Doctor insights on:
Is a 3.8 CM descending aorta an ectasia or an aneurysm and what is the difference? Can anything be done to decrease it or keep it from increasing?
Aneurysm: The difference between an aneurysm and a ectasia is one of degree. An ectasia is a mild enlargement of the aorta that is less then 1.5 times bigger than normal. Bigger than that is called an aneurysm. The normal size is 2cm so >3.0= aneurysm. More then 5.5 is considered large. The most important factor is very good BP control. Dr will be following this with ultrasounds every 6-12 mo. Good healh ...Read moreSee 1 more doctor answer
What does "minimal ectasia versus tiny aneurysm of the P1 segment of the left posterior cerebral artery" mean??
What does it mean when "minimal ectasia versus tiny aneurysm of the P1 segment of the left posterior cerebral artery? "
Ectasia is usually a slight dilation and perhaps a long segment.
Aneurysm is a significant dilation 2- 2.5 times normal and frequently a shorter length of involved vessel, but not always.
Ectasia can expand to aneurysm size over time.
Large aneurysms have a rupture risk an require intervention- surgery. ...Read more
I been having pulsation in my right side of my ribs. I have a right renal aneurysm and an aneurysmal dilation in my liver. Can be related?
Here are some. ..: The bruit from blood flow turbulence in arterial aneurysm or stenosis may be felt as pulsation but very unlikely from that in the deep seated area like renal and hepatic arteries. The possible issue of linking pulsation in right ribs with renal / hepatic aneurysm should be directed with the Doc who ordered the imaging studies and has taken care of you. Online speculation would not be sure for such ...Read more
Abd CT showed severe stenosis with post dilation of celiac artery likely due to compression of arcuate ligament. Can that cause an aneurysm?
Aneurysms run in family. Do I need to fix this? There is a rim calcified 0.9 cm distal splenic artery aneurysm. There is some diffuse mild dilation of the entire pancreatic duct without definite ampullary mass or calcification.
Aneurysms: A runs in family. Have splenic one calcified. ANS: many kinds are facial so need more details: brain, aorta, renal artery. Any HBP? I specialize in this so happy to do 2nd opinion. Usually leave splenic ones alone. Do family tree on A and discuss with your team. ...Read moreSee 2 more doctor answers
Abd CT showed severe stenosis of celiac artery with post stenotic dilation. Does that mean an aneurysm? Was referred to vascular surgeon.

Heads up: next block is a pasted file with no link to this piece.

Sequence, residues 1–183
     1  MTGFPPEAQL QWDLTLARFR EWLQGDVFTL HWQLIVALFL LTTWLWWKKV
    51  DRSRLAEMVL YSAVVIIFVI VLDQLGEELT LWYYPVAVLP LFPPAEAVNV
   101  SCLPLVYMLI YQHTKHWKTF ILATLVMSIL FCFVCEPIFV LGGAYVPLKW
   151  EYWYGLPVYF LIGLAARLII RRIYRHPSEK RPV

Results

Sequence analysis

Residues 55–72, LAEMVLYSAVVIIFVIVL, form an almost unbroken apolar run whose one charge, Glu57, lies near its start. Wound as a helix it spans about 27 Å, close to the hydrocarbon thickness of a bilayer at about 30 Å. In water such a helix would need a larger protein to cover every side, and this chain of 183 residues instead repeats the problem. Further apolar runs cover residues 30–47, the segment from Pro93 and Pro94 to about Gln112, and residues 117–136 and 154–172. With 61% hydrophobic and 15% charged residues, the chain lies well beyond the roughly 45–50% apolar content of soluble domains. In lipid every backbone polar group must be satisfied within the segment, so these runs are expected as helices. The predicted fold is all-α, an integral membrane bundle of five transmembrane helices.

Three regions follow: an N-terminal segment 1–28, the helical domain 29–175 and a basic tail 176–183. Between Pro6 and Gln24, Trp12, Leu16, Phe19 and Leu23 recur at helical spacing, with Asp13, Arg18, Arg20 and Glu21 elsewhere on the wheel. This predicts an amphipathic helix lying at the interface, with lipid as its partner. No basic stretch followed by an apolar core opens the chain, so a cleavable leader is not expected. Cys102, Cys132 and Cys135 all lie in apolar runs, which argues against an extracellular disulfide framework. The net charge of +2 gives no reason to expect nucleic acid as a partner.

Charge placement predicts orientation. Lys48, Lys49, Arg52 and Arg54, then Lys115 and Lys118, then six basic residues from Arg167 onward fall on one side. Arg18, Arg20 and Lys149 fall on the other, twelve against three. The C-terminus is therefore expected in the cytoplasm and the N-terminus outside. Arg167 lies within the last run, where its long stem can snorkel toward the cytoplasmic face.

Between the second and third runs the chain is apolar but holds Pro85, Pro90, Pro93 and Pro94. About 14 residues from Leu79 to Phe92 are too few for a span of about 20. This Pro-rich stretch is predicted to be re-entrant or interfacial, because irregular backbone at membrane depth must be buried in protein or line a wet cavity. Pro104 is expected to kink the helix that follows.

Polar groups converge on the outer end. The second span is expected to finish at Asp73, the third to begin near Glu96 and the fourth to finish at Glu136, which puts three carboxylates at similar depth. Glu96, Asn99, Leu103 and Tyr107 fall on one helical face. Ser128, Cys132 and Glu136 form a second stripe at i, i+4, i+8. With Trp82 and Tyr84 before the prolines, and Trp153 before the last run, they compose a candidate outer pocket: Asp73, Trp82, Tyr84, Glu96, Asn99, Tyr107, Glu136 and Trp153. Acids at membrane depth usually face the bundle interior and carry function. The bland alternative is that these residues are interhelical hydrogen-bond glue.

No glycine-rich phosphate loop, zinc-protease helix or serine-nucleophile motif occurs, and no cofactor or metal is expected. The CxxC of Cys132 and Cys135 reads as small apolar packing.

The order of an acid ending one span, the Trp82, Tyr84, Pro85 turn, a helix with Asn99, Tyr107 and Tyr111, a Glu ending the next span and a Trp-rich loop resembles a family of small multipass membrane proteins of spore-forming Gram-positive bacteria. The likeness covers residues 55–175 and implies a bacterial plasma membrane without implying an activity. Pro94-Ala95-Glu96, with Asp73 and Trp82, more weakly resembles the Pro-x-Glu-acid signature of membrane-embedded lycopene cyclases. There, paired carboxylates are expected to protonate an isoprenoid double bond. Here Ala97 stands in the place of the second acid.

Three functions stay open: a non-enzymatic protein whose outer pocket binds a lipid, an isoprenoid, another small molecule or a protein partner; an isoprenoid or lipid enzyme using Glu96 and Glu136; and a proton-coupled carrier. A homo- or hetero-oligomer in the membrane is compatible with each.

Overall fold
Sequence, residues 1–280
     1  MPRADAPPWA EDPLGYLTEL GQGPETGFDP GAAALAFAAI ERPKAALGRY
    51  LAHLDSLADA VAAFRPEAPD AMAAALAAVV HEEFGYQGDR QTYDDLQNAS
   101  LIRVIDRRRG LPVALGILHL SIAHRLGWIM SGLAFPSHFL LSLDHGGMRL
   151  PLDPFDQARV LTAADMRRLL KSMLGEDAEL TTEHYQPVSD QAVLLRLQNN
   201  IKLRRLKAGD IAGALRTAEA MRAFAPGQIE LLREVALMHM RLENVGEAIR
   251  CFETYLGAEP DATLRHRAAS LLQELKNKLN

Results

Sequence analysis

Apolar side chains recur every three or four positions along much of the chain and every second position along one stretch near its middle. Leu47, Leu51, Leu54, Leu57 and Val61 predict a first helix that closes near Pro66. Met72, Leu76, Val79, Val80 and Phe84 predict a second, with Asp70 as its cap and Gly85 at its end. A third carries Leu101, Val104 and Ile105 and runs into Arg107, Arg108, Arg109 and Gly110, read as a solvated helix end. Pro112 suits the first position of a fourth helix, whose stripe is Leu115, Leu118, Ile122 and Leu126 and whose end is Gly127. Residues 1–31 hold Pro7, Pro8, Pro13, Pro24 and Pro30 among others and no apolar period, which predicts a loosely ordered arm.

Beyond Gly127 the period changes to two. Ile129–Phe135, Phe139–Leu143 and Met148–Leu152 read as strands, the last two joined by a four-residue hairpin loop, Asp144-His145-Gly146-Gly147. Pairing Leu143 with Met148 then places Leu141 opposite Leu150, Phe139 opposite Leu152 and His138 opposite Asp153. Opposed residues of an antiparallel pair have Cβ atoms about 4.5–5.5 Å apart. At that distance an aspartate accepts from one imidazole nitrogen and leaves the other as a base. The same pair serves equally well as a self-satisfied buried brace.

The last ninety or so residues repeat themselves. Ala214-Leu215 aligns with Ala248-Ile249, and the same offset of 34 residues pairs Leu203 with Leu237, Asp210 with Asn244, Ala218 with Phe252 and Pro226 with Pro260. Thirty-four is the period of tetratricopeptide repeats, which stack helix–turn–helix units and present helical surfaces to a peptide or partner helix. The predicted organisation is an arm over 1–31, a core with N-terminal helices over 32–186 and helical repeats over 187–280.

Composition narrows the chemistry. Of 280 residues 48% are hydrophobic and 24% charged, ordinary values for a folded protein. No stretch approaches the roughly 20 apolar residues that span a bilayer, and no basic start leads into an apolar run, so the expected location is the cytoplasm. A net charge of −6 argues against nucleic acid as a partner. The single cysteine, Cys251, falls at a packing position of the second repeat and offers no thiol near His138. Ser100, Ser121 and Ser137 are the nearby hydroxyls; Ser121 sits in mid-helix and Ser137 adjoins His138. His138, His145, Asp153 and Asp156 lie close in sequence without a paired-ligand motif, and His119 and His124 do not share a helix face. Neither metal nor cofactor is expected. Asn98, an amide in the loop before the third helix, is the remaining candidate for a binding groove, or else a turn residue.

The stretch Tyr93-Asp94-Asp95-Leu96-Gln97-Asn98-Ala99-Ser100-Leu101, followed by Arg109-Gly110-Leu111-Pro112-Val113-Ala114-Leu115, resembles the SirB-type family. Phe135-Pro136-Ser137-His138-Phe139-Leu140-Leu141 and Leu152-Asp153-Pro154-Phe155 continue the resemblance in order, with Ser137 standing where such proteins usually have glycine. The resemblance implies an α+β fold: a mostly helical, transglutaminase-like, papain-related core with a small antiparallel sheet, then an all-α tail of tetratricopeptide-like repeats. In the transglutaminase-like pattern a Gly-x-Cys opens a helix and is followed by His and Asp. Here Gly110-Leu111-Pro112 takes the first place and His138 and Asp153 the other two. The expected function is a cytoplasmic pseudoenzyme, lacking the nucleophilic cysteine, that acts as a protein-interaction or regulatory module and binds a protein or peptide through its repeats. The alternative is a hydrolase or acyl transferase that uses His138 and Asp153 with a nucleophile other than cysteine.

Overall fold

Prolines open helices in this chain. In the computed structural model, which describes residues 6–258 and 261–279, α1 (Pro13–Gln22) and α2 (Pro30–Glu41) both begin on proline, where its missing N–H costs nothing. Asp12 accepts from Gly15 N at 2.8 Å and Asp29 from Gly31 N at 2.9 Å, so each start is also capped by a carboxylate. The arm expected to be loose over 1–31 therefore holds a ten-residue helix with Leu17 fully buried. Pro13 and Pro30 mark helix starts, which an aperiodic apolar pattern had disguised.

What to do if I'm 31 and I just found out that I have an aneurysm on my aorta. What to do if I'm very scared. Does anyone have any info that they can share with me?
I'm having pain In left temple for few days it's not everyday and it hurts for a second then goes away. I'm worried it's aneurysm of disease?
See a physician: If you have persistent headaches, see your physician for evaluation. They can both take a history and examine you to recommend either further evaluation and/or therapeutic options. ...Read more
Aneurysm: Aneurysm is abnormal dilation of an artery: some say 1.5x normal size while others say twice or more the size of the native artery represents aneurysmal dilation. True aneurysm contains all the layers of the arterial wall while false aneurysm may have any or all components of the wall missing. ...Read moreSee 2 more doctor answers
Abdominal (AAA)?: We are not quite sure what actually causes an AAA to form in some people. The leading thought is that the aneurysm may be caused by inflammation in the aorta, which may cause its wall to weaken or break down. Most believe that this inflammation can be associated with atherosclerosis (also called hardening of the arteries) or risk factors for atherosclerosis, such as high blood pressure and smoking. ...Read moreSee 1 more doctor answer
Grapes on a vine: Cerebral aneurysms are out pouch rings of the blood vessels along their normal course. Blood vessels should generally resemble drinking straws which gradually taper as they reach their end. In aneurysms, the arteries bulge out, sometimes very prominently (looking much like grapes on a vine) and posing a substantial risk of rupture because of the stress this places on the vessel. ...Read moreSee 1 more doctor answer